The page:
Drench resistant parasites are a concern - Elders Rural Services
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Drench resistant parasites are a concern

When it comes to cattle, most producers are unaware that anthelmintic resistance in cattle is now a real concern.

Anthelmintic resistance is a genetic trait of resistant worms that allows them to survive drench treatments which were previously shown to be effective.

Dr Matthew Playford, a veterinary parasitologist with over 30 years of experience in this field, and the owner of Dawbuts, an independent parasitology laboratory, said we are now seeing drench resistant parasites impacting the productivity of cattle in different production systems all over Australia

Research conducted in Australia over the last couple of years has confirmed all major production limiting species of worms (Cooperia, Haemonchus and Ostertagia) have demonstrated resistance to our most heavily relied upon drenches – the macrocyclic lactones (the ‘mectins’) – plus other classes of drench. These findings are not limited to one geographical region or climatic zone.

Drench administration matters

The way we administer a drench also impacts the rate of resistance development. The use of pour-on products results in variable dosing of animals. Some of the pour on product is absorbed across the skin while some is absorbed by licking the product off themselves and other cattle as this can result in underdosing, it should ideally be reserved for scenarios when facilities for cattle handling are poor and human safety is a concern.

Injectable or oral drenches are the most effective way to deliver consistent dosing to cattle.

How to manage resistance

To manage anthelmintic resistance, Dr Playford advises that producers should be performing, routine faecal worm egg count (WEC) as a monitoring tool to assess the need for drenching.

Worm egg counts are correlated with the total number of worms in the animal, and this in turn is correlated with the product losses which occur. Low worm burdens produce little impact on cattle, whereas high burdens rob cattle of daily weight gain, feed conversion efficiency and milk production. In the worst-case scenario can kill cattle.

Efficacy of at least 95 per cent is important

Additional to WEC monitoring, farmers should be keeping track of drench efficacy with simple ‘before and after’ drench tests (Drench checks).

The WEC obtained can then be used to estimate the percentage of each type of worms killed by a treatment. A benchmark of 95 per cent efficacy is used to indicate whether a drench is performing at an appropriate level of efficacy and to identify resistance.

Key considerations

  • When drenching on your property, you should be considering the points below from our industry experts at Paraboss.
  • Young stock, and cattle under nutritional stress or metabolic stress are more susceptible to worms. Most, if not all cattle will require a drench at weaning.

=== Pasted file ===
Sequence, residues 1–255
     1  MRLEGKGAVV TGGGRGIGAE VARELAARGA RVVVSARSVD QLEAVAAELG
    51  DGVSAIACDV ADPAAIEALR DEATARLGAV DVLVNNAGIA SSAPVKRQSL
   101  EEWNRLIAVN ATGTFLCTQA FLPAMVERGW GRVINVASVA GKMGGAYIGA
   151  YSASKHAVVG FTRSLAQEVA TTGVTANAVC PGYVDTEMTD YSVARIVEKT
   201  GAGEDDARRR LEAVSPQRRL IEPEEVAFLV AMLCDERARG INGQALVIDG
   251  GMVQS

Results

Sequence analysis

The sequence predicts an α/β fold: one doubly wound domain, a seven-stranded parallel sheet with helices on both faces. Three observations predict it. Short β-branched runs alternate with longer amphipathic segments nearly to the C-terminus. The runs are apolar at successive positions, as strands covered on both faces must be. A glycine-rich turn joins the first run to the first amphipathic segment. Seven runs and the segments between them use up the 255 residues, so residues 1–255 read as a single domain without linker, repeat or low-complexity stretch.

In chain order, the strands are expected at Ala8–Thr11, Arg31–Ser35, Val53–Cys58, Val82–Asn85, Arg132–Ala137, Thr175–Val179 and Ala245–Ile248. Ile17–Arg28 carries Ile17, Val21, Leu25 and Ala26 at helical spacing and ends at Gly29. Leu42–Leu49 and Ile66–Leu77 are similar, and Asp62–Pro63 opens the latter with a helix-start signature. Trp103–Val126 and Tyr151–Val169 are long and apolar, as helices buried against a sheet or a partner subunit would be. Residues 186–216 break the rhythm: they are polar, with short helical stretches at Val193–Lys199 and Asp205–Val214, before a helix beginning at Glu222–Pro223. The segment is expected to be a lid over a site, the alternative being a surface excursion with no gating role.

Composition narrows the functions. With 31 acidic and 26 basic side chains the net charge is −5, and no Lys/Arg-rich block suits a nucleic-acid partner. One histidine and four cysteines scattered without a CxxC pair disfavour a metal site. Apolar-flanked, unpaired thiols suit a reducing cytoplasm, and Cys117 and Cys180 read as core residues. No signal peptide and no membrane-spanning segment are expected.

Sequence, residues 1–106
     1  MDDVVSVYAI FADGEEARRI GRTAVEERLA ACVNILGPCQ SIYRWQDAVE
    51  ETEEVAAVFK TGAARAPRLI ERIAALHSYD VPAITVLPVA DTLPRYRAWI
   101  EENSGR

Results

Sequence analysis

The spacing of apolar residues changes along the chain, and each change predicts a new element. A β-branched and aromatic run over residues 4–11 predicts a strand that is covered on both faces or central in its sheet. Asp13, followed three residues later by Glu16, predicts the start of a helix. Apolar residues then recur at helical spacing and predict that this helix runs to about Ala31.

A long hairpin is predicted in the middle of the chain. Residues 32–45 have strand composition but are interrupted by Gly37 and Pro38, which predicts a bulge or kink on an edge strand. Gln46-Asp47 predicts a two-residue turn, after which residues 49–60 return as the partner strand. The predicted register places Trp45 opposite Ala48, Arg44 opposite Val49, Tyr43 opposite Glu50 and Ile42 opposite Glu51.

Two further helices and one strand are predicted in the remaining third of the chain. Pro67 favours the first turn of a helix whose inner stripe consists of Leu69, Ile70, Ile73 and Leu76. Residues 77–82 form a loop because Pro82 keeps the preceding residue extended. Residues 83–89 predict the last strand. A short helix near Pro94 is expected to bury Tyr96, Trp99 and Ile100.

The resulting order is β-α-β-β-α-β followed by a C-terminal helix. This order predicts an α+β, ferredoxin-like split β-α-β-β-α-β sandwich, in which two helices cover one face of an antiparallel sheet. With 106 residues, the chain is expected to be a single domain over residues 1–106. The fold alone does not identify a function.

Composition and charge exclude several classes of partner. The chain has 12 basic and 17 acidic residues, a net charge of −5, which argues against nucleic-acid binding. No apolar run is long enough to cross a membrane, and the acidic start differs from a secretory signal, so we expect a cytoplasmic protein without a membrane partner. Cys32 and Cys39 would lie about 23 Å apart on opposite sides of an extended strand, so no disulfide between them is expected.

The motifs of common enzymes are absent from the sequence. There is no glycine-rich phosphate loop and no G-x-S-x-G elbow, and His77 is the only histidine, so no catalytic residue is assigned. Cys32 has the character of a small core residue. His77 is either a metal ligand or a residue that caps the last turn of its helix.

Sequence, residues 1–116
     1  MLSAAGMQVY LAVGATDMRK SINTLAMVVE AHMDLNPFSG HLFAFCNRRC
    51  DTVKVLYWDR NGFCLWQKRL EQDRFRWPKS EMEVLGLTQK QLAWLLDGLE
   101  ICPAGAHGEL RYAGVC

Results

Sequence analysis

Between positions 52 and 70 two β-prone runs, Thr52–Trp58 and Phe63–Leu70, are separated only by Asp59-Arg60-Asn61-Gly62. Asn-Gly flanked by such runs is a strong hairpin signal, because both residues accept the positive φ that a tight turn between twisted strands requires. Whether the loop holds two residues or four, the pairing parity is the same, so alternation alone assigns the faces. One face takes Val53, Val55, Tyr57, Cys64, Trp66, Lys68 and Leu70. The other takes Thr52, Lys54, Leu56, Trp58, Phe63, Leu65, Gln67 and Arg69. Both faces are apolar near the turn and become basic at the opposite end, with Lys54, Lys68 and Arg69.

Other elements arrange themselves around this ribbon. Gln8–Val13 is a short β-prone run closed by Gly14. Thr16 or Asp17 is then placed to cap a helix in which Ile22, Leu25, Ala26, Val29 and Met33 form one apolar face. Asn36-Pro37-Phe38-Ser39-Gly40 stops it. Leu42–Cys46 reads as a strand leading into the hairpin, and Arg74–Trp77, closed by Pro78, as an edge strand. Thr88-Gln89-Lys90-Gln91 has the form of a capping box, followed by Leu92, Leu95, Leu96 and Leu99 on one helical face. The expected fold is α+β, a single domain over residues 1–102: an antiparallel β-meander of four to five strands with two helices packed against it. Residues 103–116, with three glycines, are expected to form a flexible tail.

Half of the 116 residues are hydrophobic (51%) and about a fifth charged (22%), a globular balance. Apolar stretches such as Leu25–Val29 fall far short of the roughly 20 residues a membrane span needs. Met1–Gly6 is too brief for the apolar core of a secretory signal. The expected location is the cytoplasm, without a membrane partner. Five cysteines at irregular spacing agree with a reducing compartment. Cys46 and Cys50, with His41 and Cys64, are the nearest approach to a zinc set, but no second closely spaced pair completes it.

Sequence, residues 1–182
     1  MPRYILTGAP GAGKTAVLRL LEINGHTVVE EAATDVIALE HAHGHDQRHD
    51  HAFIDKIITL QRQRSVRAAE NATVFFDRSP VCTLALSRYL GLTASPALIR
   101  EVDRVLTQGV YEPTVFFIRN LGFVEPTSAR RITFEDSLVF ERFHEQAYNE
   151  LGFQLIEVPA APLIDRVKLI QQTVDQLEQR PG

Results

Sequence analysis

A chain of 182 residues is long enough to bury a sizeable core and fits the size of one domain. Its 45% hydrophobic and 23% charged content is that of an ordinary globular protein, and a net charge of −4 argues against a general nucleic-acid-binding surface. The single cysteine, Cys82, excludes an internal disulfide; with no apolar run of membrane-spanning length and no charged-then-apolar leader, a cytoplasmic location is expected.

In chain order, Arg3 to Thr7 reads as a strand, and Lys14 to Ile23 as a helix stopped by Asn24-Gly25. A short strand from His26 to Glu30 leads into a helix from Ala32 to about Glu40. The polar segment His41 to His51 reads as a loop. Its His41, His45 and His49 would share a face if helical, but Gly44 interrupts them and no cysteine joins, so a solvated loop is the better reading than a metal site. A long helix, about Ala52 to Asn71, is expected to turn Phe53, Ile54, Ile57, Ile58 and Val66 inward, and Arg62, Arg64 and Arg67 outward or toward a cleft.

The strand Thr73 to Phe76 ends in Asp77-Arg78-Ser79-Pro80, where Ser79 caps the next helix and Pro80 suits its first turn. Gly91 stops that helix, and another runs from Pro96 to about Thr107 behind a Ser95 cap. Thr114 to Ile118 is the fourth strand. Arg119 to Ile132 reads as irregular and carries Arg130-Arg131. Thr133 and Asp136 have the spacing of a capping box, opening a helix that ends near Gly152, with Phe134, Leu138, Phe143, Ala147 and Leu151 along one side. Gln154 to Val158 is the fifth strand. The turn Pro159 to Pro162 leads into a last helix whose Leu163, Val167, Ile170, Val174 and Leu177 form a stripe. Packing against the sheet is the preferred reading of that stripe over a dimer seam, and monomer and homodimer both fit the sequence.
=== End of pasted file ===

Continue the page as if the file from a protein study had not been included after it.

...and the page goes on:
• High stocking rates, especially in wet and cool conditions will favour larval survival and hence increase the exposure of cattle to worm populations.
  • Drench only when necessary, so perform routine WEC to assess need, especially in adult cattle.
  • Ask for sensitive tests – those with a sensitivity of 20epg or below.
  • Use an appropriate drench – a drench with at least 95 per cent efficacy on your farm.
  • Combination products, such as Dectomax V, containing actives from different chemical classes that target the same parasites will have greater efficacy (unless the worms present are 100 per cent susceptible to the drench) as the two actives will have different modes of actions to maximise effect. Combination products also delay the onset of resistance as fewer resistant worms can survive treatment.
  • Oral and injectable anthelmintics are considered best practice as they provide higher and less variable blood levels of the chemical than pour-ons. Oral products, however, are less likely to achieve high concentrations in the tissues such as the intestinal wall and skin compared to injectable products.
  • Long-acting products should be used with care, as they are likely to increase the levels of resistance (as they have with sheep).
  • When treating external parasites like ticks and lice, consider products specific for this purpose if worm control is not required at the same time.
  • Always use a quarantine drench, i.e., combination products, when purchasing cattle, to minimise the introduction of resistant worms onto your property.

Article written by Dr Matt Playford, Zoetis, for Seasons magazine. 

Dr Matt Playford is the Managing Director of Dawbuts. He is a highly skilled and experienced livestock veterinary parasitologist. Dawbuts is focused on providing parasitology diagnostic services; contract research for pharmaceutical companies both in Australia and overseas; training in animal health, production and biosecurity to pharmaceutical and rural store merchandise employees and producers; and on-farm advisory and consultancy to producers.

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Drench resistant parasites are a concern